BlackMagic Pocket Cinema Camera 12V Battery Plate DIY

As amazing as this little camera is, it's annoying that the BlackMagic Pocket Cinema Camera requires extra juice just to make it run for more than 40 minutes. I tried the Switronix Pocketbase (seen here) which works, but I personally grew tired of the form factor, and how it blocks access to the SD Card (battery door) so I decided to DIY my own adapter.

The BMPC DC input uses a 12V power source, so i've decided to use a 12V battery plate that i've just added the proper 2.5mm OD x 0.7mm ID barrel adapter tip to. It's hardly DIY since all you have to do is cut off the tip and replace it with the proper sized DC Plug.

These battery plates will take a certain battery and step the voltage up to 12V. I've even tested the guts against a Sony 7.4V battery, and it works great, but decided to go back to the original battery plate because of it's slim profile. If you dig hard enough you can find many of these battery plates online dedicated for common Canon LP-E6, or Sony L Series / NP-F Type batteries.

You can see how handy it is to have a cage for mounting accessories on the BMPCC. I could either keep the battery off to the side, or relocate it to the rails with a clamp. There are many great cages on the market, but in the video i'm using the Shape Cage for the BlackMagic Pocket Cinema Camera.

Shape Cage BlackMagic Pocket Camera Shape Cage BMPC Shape Cage BlackMagic Pocket Camera Rig
find-price-button Shape Cage for BlackMagic Pocket Camera + Top Handle + 15mm Rail Base

If you stuck with the Canon BP battery plate + Canon BP battery + DC Plug, I would say this entire DIY project will run $50 dollars or less and take you less than 5 minutes (yes that total cost even includes the battery). It's much cheaper than other off the shelf products in retail stores right now to power the BMPCC, and I find it to be a clean and simple solution.

Here's the 12V step up Battery Plate i'm using which takes the Canon BP batteries typically used in the older GL2 camcorders. Eventually i'll track down a cheap Canon LP-E6 battery plate or Sony L Series plate and use these guts to step it up to 12V. Here's my current parts list below if you want to tackle this for yourself.

Canon Battery BlackMagic Pocket Cinema Camera
find-price-button 7V step up 12V Battery Plate for Canon BP Battery12V BP Plate

Canon GL2 BP battery for BMPC BlackMagic Pocket Cinema Camera
find-price-button Canon BP Series Batteries for GL2

If you're looking to DIY your own power cable for the Pocket Cinema Camera, the specs for the power plug from BlackMagic Design are 2.5mm OD x 0.7mm ID which you can find on eBay. To keep things small (unlike my current adapter), I suggest going for the right angle tips (found here).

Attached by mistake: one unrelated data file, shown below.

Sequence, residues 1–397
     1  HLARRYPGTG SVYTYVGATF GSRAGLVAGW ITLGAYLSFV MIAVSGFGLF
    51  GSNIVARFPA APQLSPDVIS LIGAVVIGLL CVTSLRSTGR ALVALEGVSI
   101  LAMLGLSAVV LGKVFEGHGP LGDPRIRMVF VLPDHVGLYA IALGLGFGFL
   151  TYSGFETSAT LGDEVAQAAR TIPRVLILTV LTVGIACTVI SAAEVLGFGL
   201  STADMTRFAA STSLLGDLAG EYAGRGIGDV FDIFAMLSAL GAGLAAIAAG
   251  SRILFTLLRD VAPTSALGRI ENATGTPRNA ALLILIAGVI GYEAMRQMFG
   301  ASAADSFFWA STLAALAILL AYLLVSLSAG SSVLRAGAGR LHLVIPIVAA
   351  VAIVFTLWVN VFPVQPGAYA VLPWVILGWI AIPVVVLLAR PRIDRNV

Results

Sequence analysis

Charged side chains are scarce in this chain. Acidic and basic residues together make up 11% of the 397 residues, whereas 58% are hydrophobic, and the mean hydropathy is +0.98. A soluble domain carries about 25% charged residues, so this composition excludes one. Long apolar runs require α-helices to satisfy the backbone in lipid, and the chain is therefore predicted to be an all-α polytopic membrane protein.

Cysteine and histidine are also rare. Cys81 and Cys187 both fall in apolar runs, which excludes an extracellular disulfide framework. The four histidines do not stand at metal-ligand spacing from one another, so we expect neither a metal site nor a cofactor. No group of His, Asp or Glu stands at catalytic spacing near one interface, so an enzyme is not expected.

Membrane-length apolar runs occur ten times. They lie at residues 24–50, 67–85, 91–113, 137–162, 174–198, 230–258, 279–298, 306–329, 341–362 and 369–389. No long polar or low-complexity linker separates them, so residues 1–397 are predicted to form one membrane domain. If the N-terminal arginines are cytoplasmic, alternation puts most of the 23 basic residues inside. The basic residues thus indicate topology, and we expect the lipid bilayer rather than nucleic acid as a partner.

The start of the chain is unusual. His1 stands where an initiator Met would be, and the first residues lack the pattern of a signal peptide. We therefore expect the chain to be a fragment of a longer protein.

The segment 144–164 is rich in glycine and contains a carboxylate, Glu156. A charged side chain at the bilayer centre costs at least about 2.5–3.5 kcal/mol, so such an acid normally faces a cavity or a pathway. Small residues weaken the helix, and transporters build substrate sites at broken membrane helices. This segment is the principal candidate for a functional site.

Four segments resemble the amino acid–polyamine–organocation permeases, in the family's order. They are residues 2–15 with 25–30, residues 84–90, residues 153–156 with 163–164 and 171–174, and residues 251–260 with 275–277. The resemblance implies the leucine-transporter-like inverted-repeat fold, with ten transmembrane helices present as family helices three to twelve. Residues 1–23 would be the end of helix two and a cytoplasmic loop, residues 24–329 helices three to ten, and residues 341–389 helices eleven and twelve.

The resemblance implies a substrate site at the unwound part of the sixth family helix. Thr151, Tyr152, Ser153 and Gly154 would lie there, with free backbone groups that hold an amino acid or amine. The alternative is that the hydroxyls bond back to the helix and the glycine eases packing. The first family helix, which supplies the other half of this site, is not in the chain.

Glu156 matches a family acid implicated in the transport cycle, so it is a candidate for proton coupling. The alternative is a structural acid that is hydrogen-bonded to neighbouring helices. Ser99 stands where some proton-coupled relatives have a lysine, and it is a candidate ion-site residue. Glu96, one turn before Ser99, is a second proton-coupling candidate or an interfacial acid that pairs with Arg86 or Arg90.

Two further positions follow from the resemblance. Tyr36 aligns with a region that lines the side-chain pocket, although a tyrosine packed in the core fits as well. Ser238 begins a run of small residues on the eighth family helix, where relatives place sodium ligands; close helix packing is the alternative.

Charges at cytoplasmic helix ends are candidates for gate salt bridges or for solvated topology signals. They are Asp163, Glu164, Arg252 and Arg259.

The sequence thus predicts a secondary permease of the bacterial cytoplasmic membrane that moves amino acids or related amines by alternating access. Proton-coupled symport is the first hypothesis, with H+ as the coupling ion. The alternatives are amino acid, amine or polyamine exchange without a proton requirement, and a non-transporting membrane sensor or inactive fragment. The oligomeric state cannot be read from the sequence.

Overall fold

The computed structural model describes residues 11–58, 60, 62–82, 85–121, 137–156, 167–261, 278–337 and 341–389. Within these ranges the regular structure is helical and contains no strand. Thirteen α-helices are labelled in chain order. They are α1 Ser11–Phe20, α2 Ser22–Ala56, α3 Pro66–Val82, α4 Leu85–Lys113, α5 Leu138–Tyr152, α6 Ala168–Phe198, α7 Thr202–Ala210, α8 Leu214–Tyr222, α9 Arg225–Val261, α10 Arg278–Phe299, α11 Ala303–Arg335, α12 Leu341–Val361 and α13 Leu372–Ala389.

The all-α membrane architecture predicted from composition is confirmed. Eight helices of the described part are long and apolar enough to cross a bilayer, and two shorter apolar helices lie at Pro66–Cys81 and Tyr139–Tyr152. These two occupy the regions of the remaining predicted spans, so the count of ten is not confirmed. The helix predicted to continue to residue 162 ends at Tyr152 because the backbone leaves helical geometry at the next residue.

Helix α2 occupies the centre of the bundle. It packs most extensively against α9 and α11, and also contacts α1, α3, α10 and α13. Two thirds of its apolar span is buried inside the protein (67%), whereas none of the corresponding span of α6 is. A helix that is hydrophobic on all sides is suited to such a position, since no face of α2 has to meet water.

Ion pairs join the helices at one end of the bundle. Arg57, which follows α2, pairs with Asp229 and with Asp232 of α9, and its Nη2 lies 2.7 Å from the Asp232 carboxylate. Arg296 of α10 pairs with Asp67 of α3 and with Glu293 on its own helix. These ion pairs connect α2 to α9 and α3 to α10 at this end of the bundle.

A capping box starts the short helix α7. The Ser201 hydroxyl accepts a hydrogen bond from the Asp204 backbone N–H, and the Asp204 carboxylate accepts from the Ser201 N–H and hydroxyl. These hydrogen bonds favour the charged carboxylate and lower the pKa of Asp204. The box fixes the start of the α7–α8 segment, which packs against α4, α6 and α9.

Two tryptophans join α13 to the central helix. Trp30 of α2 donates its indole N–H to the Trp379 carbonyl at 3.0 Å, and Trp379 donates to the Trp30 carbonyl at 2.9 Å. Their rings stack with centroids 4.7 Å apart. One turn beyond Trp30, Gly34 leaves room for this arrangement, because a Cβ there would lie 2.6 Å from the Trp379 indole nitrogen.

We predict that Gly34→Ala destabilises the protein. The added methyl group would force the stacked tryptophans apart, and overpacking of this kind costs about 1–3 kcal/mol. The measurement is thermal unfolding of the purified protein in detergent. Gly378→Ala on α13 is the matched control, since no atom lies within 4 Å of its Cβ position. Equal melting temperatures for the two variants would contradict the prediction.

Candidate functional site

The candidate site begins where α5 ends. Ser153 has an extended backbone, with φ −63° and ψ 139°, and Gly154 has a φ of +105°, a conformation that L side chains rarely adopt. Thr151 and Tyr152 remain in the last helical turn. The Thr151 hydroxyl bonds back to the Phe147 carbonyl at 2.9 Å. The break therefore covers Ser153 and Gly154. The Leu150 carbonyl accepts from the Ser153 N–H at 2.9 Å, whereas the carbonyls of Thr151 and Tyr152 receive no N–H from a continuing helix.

DIY blackmagic 12V power battery 2.5mm 0.7mm right angle dc male plug cheesycam
find-price-button 2.5mm OD X 0.7mm ID Male DC Plug

36 thoughts on “BlackMagic Pocket Cinema Camera 12V Battery Plate DIY

  1. Mohammad Tavakoli

    I've been trying figure out an LP-E6 version since I already have a lot of the batteries. I found this one on ebay but it doesn't mention anything about bumping up the voltage to 12V. I'm assuming it does because it's intended for monitors that also require 12V input. Does anyone know if that is definitely the case?

    It looks like a very small piece that would easily mount onto the cage.

  2. Emm

    Post author

    I have several several Tekkeon batteries and i'm still using them today with every accessory I have. I'm not sure what's going on with that guys battery, but he seems to be doing quite a bit of modifications, possibly damaged his battery in some way?

    In any case, here's a very simple solution that mounts to 15mm rails:

    or if you prefer bigger sony batteries:

    If you are considering adapting XLR microphones directly to your BMPCC, here's one with an adapter:

  3. Amy O

    I'm intrigued by this as a new BMPCC owner. I found this product while searching for plates to hack with a step-up converter.
    Comes in Sony NP-F, Canon BP930, Canon LP-E6, and Panasonic D28S. It is about $35, but the cord isn't hardwired, so you can source the appropriate connecting cord and not have to splice (for those who are nervous about that.) Hope this is useful to someone.

    Thanks for all the great advice on this site!

  4. Emm

    Post author

    @CammonRandle - I've confirmed Positive is 'In' and Negative 'Out'. Exactly as the image I shared earlier.

  5. Emm

    Post author

    @CammonRandle - Ok, let me double check when i'm in the studio. I can't remember off the top of my head.

  6. Sorry I should have mentioned. I don't have the AC adapter. Mine is on it's way. So I have been trying to discover before rather than wait for my transormer to show up

  7. Emm

    Post author

    @CammonRandle - I will have to double check this, but one very simple way to find out is to look at the back of your AC wall adapter. You should see a polarity symbol icon. It should look something like the example below.